More information

a. Cadet Command Policy Memorandum 9 - Serious Incident Reporting, 3 September 2009. See Enclosure 3.

a. Cadet Command Policy Memorandum 9 - Serious Incident Reporting, 3 September 2009. See Enclosure 3. FOUO SERIOUS INCIDENT REPORT FOUO DEPARTMENT OF THE ARMY HEADQUARTERS, 4 TH BRIGADE (ROTC) UNITED STATES ARMY CADET COMMAND 2175 REILLY ROAD, STOP A FORT BRAGG, NORTH CAROLINA 28310-5000 REPLY TO ATTENTION

More information

Department of Defense DIRECTIVE

Department of Defense DIRECTIVE Department of Defense DIRECTIVE NUMBER 5106.01 April 20, 2012 Incorporating Change 1, Effective August 19, 2014 DA&MDCMO SUBJECT: Inspector General of the Department of Defense (IG DoD) References: See

More information

Department of Defense INSTRUCTION

Department of Defense INSTRUCTION Department of Defense INSTRUCTION NUMBER 6490.04 March 4, 2013 USD(P&R) SUBJECT: Mental Health Evaluations of Members of the Military Services References: See Enclosure 1 1. PURPOSE. In accordance with

More information

Department of Defense INSTRUCTION. GC, DoD

Department of Defense INSTRUCTION. GC, DoD Department of Defense INSTRUCTION NUMBER 5525.11 March 3, 2005 GC, DoD SUBJECT: Criminal Jurisdiction Over Civilians Employed By or Accompanying the Armed Forces Outside the United States, Certain Service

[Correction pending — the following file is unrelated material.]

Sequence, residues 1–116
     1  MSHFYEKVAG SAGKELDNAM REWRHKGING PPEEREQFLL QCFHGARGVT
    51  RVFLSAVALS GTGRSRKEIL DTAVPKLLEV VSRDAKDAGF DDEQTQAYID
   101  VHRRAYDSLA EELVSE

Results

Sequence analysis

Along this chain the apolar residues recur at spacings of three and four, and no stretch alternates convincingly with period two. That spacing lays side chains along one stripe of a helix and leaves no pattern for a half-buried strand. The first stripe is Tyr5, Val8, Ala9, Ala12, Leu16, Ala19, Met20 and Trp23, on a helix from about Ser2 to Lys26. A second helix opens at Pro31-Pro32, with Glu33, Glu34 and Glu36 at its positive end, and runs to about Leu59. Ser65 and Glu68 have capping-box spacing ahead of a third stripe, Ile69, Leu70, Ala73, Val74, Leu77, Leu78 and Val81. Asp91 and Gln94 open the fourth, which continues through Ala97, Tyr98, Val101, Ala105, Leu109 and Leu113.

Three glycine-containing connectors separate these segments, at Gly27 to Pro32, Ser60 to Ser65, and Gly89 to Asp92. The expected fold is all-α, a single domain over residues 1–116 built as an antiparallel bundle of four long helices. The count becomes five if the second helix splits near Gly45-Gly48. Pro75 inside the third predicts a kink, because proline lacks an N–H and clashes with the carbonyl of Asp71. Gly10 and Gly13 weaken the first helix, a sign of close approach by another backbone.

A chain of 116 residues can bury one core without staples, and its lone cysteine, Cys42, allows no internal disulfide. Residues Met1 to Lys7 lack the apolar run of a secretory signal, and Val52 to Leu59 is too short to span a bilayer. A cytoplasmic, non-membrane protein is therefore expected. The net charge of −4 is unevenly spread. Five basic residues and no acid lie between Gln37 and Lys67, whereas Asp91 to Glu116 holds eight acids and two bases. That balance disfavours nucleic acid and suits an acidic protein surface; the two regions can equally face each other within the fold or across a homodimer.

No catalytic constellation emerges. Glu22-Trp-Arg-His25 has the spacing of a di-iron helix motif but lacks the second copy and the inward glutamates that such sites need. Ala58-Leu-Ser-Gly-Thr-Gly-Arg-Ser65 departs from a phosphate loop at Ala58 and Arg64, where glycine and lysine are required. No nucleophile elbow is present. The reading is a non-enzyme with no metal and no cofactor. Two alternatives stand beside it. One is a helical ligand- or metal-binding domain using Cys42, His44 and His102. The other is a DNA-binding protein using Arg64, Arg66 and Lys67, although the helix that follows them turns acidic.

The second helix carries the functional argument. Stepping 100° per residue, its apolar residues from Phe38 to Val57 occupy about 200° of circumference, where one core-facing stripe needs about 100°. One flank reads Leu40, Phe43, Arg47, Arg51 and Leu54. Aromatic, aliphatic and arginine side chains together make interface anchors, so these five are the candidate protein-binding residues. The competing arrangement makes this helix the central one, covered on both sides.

More information

GENERAL ASSEMBLY OF NORTH CAROLINA SESSION 2011 SESSION LAW 2012-149 SENATE BILL 707

GENERAL ASSEMBLY OF NORTH CAROLINA SESSION 2011 SESSION LAW 2012-149 SENATE BILL 707 GENERAL ASSEMBLY OF NORTH CAROLINA SESSION 2011 SESSION LAW 2012-149 SENATE BILL 707 AN ACT TO ENACT THE SCHOOL VIOLENCE PREVENTION ACT OF 2012; LIMIT PRAYERS FOR JUDGMENT CONTINUED; AND END SUNSET FOR

More information

The Army Physical Security Program

The Army Physical Security Program Army Regulation 190 13 Military Police The Army Physical Security Program Distribution Restriction Statement. This publication contains technical or operational information that is for official Government

More information

Legislative Language

Legislative Language Legislative Language SEC. 1. COORDINATION OF FEDERAL INFORMATION SECURITY POLICY. (a) IN GENERAL. Chapter 35 of title 44, United States Code, is amended by striking subchapters II and III and inserting

More information

SUMMARY: The National Guard Bureau proposes to add a new system. of records, INGB 005, entitled Special Investigation Reports

SUMMARY: The National Guard Bureau proposes to add a new system. of records, INGB 005, entitled Special Investigation Reports This document is scheduled to be published in the Federal Register on 01/27/2016 and available online at http://federalregister.gov/a/2016-01517, and on FDsys.gov Billing Code: 5001-06 DEPARTMENT OF DEFENSE